The storm after the calm in Georgia

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The storm after the calm in Georgia
Published 12-11-2012, 04:04
The gloves are off in Tbilisi as the new ruling power takes aim at President Mikheil Saakashvili's allies. 
Bacho Akhalaia, a former defense minister and close ally of Saakashvili, was charged on November 8 with exceeding the powers of his office and illegally detaining soldiers, a move that marked the end of the political honeymoon between the ruling Georgian Dream coalition and Saakashvili's United National Movement party. 

Akhalaia's arrest, as well as the arrest of a top-ranking general and plans to open criminal investigations into several Saakashvili-era scandals, indicates the five-week truce between Prime Minister Bidzina Ivanishvili's coalition and the outgoing government is finally over. 

Despite fears that Saakashvili and the UNM would create obstacles and play politics off post-election tensions, the transition of power following Ivanishvili's surprise win at the October 1 parliamentary election had been peaceful and largely productive. That calm ended, however, once the new government formally took power, and as the new ministers formed staffs and set out priorities, tensions between the two political groups has grown. Over the past week, the once powerful UNM has been subjected to the full force of defeat as its once-powerful members face arrest and criminal investigations. 

Akhalaia was arrested on November 8 along with the chief of staff of the Georgian Armed Forces, Giorgi Kalandadze, and the commander of 4th infantry brigade, Zurab Shamatava. The UNM, which is currently boycotting the parliament, has slammed the arrests as "political retribution." But the Georgian Dream coalition maintains the arrests are part and parcel of their pledge to bring justice to the country. "If illegal acts have been committed – and I think they have been – law enforcement agencies will continue restoring justice in the country," Ivanishvili was quoted as saying on the news site Civil.ge. "I will do my best to ensure that the law, not some political party or force, reigns supreme in this country." 

While UNM officials have called Akhalaia's arrest alarming, it comes as little surprise. 
Akhalaia left Georgia in the wake of the prison scandal and the UNM's defeat in the October election, along with the former justice minister Zurab Adeishvili and defense minister Dimitri Shashkin. But, unlike his colleagues, Akhalaia returned on November 5, telling journalists the allegations against him were "absurd" and he was ready to answer any questions related to his time in the government. 

A former defense minister – he also served as minister of internal affairs, the country's policing organ, and the minister of the penitentiaries – Akhalaia has been implicated in several human rights scandals, starting from the deadly 2006 prison rights. In September, he stepped down as interior minister after evidence of systematic abuse in the prisons became public and the Georgian Dream coalition – then the opposition – demanded his arrest.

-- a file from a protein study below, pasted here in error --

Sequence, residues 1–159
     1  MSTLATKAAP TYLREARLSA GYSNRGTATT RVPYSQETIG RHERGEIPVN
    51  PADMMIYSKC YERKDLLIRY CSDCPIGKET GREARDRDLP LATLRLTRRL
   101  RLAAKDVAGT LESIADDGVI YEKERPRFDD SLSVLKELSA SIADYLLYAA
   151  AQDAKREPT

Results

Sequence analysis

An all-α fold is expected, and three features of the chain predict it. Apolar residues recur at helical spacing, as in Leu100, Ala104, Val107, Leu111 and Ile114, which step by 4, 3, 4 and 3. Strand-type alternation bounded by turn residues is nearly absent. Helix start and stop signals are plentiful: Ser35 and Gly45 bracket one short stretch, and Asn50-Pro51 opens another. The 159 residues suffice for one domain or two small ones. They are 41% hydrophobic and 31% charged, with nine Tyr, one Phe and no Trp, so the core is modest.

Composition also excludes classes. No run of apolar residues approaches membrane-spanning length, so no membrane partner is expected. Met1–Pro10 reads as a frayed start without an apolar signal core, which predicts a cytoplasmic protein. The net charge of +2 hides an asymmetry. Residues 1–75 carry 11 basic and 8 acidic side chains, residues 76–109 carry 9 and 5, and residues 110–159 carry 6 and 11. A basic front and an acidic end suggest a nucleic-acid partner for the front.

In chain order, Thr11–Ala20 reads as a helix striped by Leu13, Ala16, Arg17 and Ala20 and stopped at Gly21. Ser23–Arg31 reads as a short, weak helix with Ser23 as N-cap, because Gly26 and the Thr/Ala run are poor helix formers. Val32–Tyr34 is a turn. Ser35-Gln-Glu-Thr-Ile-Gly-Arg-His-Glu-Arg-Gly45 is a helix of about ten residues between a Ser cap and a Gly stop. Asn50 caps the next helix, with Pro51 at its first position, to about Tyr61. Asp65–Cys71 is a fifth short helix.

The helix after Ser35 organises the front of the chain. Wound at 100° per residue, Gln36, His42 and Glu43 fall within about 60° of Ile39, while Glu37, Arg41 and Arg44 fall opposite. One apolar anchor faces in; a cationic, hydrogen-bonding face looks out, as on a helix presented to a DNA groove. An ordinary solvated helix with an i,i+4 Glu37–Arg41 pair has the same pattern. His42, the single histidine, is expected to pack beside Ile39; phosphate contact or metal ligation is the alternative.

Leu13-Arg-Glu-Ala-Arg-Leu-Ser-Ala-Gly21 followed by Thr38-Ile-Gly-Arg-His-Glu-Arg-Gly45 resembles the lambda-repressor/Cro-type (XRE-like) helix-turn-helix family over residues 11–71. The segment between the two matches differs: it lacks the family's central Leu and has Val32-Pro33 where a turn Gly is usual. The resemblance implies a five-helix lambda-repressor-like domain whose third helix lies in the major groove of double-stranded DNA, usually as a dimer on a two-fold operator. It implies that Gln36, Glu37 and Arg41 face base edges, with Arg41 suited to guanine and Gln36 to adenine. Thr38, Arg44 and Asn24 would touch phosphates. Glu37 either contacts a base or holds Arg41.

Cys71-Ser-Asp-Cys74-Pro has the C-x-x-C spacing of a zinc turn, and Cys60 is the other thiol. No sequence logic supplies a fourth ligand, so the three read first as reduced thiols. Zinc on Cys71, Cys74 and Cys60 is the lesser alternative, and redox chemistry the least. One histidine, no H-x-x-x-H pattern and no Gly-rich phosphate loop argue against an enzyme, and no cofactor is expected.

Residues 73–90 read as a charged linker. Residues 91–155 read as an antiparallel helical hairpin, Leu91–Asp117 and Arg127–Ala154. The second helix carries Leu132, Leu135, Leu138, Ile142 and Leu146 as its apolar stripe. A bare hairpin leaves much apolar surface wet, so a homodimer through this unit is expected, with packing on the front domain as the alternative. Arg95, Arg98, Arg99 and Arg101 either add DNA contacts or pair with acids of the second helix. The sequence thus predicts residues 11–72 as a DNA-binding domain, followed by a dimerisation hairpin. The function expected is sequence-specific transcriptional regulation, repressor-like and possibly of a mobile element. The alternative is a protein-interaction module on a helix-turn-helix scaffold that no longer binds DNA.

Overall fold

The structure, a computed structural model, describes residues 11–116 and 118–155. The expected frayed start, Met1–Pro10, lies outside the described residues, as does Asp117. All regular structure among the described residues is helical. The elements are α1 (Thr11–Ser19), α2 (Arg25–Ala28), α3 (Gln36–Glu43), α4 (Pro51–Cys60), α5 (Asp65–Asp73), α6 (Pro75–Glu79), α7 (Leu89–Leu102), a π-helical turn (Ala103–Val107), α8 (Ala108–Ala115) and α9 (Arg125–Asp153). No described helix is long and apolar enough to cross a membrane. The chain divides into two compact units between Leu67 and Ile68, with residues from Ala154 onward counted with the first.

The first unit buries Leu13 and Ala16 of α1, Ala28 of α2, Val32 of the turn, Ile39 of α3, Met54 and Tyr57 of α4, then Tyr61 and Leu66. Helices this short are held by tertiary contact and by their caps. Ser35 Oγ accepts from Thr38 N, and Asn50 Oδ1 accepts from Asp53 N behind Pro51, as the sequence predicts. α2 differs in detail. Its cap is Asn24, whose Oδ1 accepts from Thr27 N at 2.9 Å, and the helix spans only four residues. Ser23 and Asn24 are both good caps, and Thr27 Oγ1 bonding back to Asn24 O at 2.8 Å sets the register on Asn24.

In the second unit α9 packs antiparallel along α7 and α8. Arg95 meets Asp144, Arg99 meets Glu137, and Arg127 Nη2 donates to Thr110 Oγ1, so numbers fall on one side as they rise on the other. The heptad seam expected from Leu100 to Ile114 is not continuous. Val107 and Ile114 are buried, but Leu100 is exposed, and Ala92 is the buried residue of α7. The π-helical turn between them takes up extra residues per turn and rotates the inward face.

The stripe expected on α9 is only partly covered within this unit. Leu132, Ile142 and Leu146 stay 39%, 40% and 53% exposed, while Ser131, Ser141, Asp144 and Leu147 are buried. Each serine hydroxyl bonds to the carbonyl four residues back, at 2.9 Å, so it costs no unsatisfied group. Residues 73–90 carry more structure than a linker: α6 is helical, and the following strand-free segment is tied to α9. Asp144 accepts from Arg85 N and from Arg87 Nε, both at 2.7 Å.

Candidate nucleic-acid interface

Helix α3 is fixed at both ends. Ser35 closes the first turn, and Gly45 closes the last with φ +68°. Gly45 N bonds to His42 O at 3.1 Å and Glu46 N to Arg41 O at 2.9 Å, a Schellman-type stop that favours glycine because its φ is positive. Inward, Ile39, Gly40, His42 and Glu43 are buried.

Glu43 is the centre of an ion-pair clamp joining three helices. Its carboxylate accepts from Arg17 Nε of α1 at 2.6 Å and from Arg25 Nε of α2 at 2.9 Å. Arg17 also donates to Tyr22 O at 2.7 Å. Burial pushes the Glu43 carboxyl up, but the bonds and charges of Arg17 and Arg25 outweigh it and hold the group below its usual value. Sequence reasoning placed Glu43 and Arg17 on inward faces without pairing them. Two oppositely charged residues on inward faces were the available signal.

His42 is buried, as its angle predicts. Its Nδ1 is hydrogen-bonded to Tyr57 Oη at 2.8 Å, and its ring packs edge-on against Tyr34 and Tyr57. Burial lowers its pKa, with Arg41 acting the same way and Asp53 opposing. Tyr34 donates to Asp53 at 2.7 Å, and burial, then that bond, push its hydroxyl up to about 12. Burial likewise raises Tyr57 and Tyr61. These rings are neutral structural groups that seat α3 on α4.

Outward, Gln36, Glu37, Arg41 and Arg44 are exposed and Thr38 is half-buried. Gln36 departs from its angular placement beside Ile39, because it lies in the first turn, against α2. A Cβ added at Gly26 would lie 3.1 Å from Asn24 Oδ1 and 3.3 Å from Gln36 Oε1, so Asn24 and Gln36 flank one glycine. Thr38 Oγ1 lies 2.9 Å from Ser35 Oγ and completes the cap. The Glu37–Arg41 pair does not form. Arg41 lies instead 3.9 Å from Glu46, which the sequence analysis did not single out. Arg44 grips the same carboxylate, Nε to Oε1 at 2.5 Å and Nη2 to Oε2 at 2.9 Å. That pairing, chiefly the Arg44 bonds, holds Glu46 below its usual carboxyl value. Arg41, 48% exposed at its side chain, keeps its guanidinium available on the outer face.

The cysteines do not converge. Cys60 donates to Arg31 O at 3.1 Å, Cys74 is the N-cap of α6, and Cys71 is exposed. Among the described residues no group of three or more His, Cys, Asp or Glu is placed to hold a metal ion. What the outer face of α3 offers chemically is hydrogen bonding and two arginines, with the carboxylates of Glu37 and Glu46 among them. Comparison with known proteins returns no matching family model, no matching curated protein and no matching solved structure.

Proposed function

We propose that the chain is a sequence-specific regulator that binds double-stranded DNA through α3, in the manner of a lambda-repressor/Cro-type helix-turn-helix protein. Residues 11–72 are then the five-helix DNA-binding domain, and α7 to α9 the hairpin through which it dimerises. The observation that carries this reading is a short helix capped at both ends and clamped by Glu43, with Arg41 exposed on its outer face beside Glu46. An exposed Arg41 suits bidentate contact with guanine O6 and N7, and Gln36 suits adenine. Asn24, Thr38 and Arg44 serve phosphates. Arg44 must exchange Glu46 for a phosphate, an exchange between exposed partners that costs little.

In addition, detaining Alakhaia has secured valuable political points for the ruling party ruling party during the crucial period when it is striving to turn pre-election promises into reality. Public expectations are high for Ivanishvili and his team, who came to power on an anti-Saakashvili platform full of pledges to bring former officials to task for alleged misdeeds. 

Over the past five weeks, voters have sought to push the new government's agenda forward: strikes started across the country and vulnerable groups like the homeless and families displaced by the war forcibly took possession of empty buildings in the capital. 

The arrests, coupled with plans to slash the budget of state agencies still under Saakashvili's control, including the presidential residence and the National Security Council, have played well with the public. Plans to audit the public television station, headed by a UNM ally, were announced on November 7; according to the finance ministry, the television station owes the state GEL 3.8m (€1.8m). 

Saakashvili commented on the new government's actions via video address on November 7, saying they were a source of "concern" and that "now, more than ever" Georgia need the rule of law. 

There is no sign, however, that the arrests will stop soon. ""We have to detain everyone who has to be detained and we'll consider all the factors in this process…" newly appoint Minister of Interior Affairs Irakli Gharibashvili told journalists on November 8.

Molly Corso in Tbilisi 

BNE

 

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Category: News
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